The javascript used on this site for creative design effects is not supported by your browser. Please note that this will not affect access to the content on this web site.

Women march for AIDS relief outside the United Nations in New York City.

Other News In 2001

2001 marks the 20-year anniversary of the first reported AIDS case.1

The United Nations General Assembly on the AIDS epidemic unanimously declares AIDS a global catastrophe.2


HRSA Publishes Landmark Treatment Guide for HIV+ Women

A Guide to the Clinical Care of Women With HIV/AIDS, published by HRSA in 2001, is now the primary textbook on the treatment of women with HIV the world over. It was the first manual written specifically on the medical treatment of women with HIV. In the year the guide was published, HIV infection in the United States was the fifth leading cause of death among women between ages 25 and 44.*

The guide is a compilation by 13 authors and edited by Jean R. Anderson of Johns Hopkins University. It is periodically updated to reflect the latest information in the field and a new edition is slated for release in 2011.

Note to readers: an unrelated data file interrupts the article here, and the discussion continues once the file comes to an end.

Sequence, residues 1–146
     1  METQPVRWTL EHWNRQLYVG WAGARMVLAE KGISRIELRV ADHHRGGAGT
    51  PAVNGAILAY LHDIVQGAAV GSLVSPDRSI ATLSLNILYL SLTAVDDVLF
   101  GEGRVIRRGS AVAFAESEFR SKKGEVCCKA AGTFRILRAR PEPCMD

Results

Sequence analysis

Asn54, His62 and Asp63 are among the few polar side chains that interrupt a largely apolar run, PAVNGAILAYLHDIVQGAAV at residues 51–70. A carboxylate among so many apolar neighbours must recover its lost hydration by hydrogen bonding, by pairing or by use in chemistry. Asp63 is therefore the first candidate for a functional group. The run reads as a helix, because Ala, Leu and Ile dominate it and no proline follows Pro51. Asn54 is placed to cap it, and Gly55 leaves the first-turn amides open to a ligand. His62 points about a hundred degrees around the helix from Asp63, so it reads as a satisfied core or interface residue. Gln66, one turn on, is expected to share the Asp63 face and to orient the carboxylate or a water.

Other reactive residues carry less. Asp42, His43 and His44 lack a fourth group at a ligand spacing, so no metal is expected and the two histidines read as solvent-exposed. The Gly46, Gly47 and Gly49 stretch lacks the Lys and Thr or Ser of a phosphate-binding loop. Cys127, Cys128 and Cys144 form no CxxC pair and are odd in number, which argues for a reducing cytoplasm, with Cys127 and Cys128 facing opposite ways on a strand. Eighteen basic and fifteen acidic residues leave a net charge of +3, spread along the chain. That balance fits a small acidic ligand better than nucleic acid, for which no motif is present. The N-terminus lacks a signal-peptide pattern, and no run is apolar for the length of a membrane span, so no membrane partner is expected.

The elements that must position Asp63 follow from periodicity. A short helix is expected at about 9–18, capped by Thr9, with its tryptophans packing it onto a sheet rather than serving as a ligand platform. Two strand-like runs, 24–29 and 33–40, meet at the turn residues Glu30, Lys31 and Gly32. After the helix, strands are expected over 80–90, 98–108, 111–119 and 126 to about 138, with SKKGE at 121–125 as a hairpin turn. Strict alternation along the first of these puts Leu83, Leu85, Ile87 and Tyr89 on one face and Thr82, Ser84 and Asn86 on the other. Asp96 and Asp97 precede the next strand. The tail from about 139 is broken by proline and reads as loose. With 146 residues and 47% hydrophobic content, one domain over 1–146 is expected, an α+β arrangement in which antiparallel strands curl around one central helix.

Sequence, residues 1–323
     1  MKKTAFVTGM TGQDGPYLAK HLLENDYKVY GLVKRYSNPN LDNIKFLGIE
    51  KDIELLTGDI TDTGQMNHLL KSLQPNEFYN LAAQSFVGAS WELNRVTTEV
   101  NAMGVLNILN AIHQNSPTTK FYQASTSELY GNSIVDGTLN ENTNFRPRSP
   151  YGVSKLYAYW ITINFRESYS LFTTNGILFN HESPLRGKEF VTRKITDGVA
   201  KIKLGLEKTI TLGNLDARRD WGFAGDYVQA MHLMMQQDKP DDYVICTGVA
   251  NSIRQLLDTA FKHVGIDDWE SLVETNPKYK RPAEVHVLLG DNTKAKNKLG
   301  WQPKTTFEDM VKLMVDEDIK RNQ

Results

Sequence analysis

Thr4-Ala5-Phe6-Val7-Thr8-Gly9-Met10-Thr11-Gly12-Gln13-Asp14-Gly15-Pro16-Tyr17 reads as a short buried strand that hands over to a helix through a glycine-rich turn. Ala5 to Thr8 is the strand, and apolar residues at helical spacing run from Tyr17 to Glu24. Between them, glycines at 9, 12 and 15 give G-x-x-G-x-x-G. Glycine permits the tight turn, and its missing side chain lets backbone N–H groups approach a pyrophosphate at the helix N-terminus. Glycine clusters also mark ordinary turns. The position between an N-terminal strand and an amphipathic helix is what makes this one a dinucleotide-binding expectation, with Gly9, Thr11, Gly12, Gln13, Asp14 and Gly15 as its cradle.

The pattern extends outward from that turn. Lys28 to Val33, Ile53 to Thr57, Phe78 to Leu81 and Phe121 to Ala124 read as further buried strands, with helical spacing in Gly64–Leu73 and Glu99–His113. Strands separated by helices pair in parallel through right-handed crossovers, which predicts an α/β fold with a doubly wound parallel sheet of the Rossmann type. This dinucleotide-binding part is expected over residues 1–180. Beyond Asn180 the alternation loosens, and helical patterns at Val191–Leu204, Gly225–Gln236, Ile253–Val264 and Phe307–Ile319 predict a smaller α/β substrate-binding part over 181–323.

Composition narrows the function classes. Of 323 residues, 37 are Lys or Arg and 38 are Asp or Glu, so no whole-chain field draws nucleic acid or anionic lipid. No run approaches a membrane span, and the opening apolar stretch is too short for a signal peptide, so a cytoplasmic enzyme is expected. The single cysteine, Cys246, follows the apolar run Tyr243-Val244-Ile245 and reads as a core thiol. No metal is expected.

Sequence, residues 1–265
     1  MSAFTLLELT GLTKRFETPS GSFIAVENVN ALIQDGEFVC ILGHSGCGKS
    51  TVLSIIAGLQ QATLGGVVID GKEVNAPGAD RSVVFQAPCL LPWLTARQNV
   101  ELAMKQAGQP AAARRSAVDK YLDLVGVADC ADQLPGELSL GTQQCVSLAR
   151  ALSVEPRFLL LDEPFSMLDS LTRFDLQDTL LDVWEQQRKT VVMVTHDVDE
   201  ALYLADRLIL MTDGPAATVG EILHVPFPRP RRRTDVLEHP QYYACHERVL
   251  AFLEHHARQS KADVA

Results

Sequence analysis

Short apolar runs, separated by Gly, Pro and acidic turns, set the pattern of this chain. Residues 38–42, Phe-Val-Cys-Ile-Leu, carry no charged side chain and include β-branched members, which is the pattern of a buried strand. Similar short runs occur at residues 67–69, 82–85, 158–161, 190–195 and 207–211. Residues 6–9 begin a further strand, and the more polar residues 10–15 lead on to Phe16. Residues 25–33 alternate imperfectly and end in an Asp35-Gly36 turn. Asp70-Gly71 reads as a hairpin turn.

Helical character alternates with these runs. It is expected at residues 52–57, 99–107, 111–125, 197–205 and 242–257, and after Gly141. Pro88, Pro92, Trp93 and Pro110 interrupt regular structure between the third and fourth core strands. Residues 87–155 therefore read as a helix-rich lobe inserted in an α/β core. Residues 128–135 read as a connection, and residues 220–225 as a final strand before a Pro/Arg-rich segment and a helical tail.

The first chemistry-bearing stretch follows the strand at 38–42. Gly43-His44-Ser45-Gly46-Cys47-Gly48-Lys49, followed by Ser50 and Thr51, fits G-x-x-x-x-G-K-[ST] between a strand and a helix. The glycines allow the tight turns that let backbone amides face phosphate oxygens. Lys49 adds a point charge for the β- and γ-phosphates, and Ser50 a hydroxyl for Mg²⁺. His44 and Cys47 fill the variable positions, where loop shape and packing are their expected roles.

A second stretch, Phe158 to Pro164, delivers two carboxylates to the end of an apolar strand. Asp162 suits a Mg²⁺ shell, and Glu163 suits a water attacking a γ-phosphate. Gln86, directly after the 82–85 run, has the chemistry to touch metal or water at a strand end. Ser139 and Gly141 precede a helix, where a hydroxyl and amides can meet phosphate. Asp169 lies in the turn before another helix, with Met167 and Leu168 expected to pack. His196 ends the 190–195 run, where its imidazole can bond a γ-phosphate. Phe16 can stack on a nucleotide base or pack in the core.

“This manual could not be more timely,” said then U.S. Department of Health and Human Services Secretary Tommy G. Thompson. “Information in this guide will help clinicians improve treatment and save the lives of HIV-positive women and their babies.”

The epidemic among women was addressed in other key HRSA responses, even before the Ryan White CARE Act was enacted. Pediatric AIDS Service Demonstration projects, first funded in 1988, laid the groundwork for the Women, Infants, Children, Youth and their Families Program (Title IV, now Part D). Many meetings, seminars, and trainings have been devoted to women and HIV.

Despite just a handful of diagnoses among women in the early years of the epidemic, by the late 1980s new infections were growing faster among women than among men. Initially, the disease spread among women predominantly through intravenous drug use, but by 1994, heterosexual contact had become the most common transmission category for women.

Skip to credits